Publishing such in newspapers, periodicals, by telecommunication and otherwise per s3 (4) is offence. Guilty parties include proprietors, editors, publishers, distributors depending on the medium. Liability re-newspapers is strict. Liability for telecom ad requires knowledge of content person conveying it over the airwaves. Liability of other distributors requires knowledge of content before guilt established. But neither the prospective surrogates nor commissioning ‘parents’ are liable/guilty
Re P 1987 2 FLR 421
English case, SM changed mind & refused to hand over twins for adoption by commissioning couple, Children’s welfare paramount in ensuing litigation; SM won Maternal bond outweighed affluence & more stimulating intellectual environment offered by commissioning couple.
“Partial surrogacy” – sperm donated by husband of the commissioning couple being used to fertilise the surrogates own ovum.
A parent – child relationship can be created through a court order called a “Parental order after a surrogacy agreement. s30 replaced by s54 HFEA 2008
- no longer restricted to married couples – civil partners too
- or cohabs in enduring family relationship [that is not within prohibited degrees]
This order may be applied for by a married couple who have commissioned a 3rd party to bear a child for them, with the 3rd party giving up child after. The couple must apply for the order within 6months of the child being born, one or the other of them must be the genetic parent of the child. If the surrogate mother refuses to give up child, the commissioning couple can do nothing about it as she is the mother.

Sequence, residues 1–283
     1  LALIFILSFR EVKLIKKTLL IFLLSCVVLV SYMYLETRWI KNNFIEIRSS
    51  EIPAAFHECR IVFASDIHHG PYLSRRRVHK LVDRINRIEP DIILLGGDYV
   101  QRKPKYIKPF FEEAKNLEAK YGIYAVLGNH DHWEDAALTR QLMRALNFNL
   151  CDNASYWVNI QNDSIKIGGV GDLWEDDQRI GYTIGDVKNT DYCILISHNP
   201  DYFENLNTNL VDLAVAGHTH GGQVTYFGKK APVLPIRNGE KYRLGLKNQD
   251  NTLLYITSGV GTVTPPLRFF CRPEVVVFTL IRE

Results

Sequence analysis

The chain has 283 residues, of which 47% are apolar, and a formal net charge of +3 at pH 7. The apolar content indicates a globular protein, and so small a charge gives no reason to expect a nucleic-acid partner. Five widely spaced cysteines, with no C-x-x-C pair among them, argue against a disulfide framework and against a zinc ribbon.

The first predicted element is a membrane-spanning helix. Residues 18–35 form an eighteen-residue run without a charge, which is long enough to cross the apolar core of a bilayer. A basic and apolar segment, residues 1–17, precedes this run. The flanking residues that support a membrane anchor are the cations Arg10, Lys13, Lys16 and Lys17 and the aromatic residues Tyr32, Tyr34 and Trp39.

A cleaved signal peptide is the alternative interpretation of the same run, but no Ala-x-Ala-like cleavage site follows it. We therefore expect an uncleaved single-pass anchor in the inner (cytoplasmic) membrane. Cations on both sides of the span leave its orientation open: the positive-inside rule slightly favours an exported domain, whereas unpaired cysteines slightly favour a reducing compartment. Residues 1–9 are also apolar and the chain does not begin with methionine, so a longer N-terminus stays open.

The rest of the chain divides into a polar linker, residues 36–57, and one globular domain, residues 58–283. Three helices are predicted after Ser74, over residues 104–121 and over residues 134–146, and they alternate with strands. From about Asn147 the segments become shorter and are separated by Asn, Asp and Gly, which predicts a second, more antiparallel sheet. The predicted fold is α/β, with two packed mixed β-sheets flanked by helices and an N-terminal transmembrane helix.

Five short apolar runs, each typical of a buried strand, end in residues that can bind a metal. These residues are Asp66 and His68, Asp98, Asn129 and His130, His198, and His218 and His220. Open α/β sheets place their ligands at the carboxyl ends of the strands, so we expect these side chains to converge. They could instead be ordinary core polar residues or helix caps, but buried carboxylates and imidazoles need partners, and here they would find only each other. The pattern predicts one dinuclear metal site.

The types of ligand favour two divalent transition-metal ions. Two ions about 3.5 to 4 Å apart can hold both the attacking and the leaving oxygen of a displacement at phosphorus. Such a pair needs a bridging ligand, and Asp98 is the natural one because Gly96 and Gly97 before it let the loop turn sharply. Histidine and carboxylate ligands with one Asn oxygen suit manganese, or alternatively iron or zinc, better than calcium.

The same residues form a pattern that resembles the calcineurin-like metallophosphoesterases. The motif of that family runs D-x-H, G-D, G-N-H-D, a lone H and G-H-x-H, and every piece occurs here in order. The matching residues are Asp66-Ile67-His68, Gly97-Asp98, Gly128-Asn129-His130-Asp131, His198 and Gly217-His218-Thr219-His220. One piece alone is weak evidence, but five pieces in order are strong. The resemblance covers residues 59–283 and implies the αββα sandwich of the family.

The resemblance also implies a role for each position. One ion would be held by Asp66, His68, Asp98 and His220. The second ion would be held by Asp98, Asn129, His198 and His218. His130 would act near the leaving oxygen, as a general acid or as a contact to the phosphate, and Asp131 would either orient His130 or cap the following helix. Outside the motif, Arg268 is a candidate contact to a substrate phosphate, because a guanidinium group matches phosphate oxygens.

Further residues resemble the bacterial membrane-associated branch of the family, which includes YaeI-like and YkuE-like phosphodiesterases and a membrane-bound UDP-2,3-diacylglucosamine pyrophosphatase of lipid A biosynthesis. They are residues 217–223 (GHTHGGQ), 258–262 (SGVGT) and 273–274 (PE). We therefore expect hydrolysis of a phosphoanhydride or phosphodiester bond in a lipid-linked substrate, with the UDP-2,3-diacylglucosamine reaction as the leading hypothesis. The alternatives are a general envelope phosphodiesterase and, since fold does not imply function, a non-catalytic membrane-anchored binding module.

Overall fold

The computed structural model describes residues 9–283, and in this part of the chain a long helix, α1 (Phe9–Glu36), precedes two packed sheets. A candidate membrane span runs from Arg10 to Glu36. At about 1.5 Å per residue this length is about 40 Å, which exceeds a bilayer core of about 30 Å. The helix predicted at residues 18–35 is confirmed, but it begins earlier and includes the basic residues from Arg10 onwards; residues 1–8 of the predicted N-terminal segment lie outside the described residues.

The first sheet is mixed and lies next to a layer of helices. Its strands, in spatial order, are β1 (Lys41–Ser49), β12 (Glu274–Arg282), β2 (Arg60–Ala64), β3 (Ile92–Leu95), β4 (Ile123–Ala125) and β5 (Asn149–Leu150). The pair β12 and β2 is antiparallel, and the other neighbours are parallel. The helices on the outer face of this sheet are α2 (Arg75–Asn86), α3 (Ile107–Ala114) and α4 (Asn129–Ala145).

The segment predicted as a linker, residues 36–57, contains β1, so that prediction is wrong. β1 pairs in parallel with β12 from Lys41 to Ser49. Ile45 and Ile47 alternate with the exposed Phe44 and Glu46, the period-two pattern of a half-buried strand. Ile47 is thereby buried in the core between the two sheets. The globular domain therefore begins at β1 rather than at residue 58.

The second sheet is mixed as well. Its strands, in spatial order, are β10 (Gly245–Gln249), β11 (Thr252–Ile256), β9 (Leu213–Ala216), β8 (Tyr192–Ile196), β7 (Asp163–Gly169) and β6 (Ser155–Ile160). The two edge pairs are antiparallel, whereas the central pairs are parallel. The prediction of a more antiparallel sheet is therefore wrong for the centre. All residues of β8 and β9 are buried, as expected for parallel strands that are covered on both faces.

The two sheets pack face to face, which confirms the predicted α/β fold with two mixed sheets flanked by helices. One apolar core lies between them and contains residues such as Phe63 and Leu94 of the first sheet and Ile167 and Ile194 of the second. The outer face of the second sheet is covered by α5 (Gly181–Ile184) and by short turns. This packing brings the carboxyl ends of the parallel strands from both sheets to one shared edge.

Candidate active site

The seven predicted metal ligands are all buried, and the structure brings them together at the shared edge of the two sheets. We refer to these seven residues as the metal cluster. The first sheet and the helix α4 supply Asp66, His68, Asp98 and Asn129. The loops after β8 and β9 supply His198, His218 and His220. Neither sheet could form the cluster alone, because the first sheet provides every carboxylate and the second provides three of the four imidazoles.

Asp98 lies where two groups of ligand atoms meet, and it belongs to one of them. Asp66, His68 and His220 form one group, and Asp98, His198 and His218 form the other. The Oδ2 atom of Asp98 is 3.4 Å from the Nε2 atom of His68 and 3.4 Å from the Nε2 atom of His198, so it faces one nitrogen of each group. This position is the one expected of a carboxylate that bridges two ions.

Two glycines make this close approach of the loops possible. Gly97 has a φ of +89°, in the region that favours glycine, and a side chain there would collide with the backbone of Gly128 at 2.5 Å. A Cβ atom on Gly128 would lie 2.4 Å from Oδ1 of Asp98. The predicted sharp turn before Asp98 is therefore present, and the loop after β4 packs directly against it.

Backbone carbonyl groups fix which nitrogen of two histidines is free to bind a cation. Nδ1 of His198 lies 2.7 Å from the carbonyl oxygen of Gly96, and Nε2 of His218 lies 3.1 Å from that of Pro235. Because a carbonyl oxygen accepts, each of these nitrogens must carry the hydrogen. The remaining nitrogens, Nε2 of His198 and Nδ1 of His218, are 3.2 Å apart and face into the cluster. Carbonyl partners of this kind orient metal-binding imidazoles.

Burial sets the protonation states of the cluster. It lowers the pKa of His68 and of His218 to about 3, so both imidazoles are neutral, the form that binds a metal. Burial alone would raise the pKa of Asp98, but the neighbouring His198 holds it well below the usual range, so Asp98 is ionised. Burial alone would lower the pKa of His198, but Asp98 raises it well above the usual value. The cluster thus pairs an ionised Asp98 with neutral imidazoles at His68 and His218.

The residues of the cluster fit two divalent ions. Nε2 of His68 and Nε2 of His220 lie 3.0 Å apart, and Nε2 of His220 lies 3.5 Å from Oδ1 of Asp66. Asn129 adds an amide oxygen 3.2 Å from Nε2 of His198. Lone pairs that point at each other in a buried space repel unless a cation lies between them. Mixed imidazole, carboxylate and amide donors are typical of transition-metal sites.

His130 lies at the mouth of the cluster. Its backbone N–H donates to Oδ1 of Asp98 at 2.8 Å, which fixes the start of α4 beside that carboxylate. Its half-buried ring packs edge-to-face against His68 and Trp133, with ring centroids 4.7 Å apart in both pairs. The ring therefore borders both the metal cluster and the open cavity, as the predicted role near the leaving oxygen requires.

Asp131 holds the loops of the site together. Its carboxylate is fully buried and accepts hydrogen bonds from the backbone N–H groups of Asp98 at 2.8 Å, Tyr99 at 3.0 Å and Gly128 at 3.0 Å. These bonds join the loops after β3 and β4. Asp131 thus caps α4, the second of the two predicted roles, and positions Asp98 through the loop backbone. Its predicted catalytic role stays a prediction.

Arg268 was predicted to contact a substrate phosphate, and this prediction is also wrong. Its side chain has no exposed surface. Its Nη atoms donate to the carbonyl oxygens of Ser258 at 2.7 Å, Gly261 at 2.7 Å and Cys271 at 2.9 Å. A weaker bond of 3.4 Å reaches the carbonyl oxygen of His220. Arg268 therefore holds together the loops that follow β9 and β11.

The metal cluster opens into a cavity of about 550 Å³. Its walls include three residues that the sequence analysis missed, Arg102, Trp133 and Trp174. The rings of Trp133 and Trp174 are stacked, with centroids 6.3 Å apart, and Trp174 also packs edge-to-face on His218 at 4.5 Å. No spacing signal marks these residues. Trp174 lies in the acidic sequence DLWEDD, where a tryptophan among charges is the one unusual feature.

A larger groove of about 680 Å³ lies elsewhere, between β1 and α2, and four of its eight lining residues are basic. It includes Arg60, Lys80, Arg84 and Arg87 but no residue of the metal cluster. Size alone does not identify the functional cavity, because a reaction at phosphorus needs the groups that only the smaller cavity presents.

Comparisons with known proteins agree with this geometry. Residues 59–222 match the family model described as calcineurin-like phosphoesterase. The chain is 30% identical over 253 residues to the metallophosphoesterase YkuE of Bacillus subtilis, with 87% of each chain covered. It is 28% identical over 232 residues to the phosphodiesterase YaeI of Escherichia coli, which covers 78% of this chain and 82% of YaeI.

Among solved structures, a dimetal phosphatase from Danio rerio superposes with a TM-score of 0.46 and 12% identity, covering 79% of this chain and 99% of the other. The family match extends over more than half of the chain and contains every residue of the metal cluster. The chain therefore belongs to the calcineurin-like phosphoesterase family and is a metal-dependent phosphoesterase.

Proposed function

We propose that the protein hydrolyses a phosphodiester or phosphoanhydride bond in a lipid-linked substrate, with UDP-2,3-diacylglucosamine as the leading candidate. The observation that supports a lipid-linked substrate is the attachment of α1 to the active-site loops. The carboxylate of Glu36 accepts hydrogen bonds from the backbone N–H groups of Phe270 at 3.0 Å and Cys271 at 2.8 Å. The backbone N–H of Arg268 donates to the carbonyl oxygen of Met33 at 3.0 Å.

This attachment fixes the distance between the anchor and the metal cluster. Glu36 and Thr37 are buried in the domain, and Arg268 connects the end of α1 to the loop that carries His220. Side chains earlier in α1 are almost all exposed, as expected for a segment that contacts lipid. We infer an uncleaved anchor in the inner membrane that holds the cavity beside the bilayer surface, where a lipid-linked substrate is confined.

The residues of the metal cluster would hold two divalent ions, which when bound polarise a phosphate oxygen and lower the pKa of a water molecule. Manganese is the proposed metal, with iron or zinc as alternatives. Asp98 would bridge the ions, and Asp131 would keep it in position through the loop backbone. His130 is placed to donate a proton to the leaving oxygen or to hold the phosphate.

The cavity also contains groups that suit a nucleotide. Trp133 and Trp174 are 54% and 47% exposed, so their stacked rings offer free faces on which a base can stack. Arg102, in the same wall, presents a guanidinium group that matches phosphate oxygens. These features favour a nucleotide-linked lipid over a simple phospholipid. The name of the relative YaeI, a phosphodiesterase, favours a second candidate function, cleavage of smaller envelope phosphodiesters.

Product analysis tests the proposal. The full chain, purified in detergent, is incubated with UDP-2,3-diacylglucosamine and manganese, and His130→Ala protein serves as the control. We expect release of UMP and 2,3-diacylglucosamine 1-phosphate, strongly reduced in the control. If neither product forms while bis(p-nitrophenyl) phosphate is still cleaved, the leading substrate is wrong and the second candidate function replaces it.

C v S 1996 – Mr/s agreed with Ms S she would be artificially inseminated with Mr C sperm. Get pregnant and give child back. Mrs S then changed her mind and wanted child back. Held, 8K was paid for mother to consent to a parental order but not an adoption order Adoption (s) act 1978 so no contravention of Adoption act. Adoption order made in favour of Ms/Mrs C. Payment outweighed the need to safe guard X welfare throughout childhood.
Adoption – If commissioning parents wish to become full legal parents, adoption is required. This destroys the parenthood of the birth parents and creates parenthood in the adopters. A child of 12 + must consent before adoption order made.